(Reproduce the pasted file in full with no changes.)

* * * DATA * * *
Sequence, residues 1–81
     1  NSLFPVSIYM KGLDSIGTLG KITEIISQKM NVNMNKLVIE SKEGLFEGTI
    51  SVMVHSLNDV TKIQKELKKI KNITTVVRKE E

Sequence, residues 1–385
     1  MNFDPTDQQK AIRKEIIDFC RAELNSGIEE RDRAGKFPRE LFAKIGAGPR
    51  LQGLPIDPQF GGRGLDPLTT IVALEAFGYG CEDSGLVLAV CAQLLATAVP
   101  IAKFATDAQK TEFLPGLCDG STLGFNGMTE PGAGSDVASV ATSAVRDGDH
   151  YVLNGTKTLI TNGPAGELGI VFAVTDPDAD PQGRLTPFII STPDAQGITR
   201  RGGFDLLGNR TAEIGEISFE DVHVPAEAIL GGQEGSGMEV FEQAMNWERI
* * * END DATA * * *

Sequence, residues 1–81
     1  NSLFPVSIYM KGLDSIGTLG KITEIISQKM NVNMNKLVIE SKEGLFEGTI
    51  SVMVHSLNDV TKIQKELKKI KNITTVVRKE E

Sequence, residues 1–385
     1  MNFDPTDQQK AIRKEIIDFC RAELNSGIEE RDRAGKFPRE LFAKIGAGPR
    51  LQGLPIDPQF GGRGLDPLTT IVALEAFGYG CEDSGLVLAV CAQLLATAVP
   101  IAKFATDAQK TEFLPGLCDG STLGFNGMTE PGAGSDVASV ATSAVRDGDH
   151  YVLNGTKTLI TNGPAGELGI VFAVTDPDAD PQGRLTPFII STPDAQGITR
   201  RGGFDLLGNR TAEIGEISFE DVHVPAEAIL GGQEGSGMEV FEQAMNWERI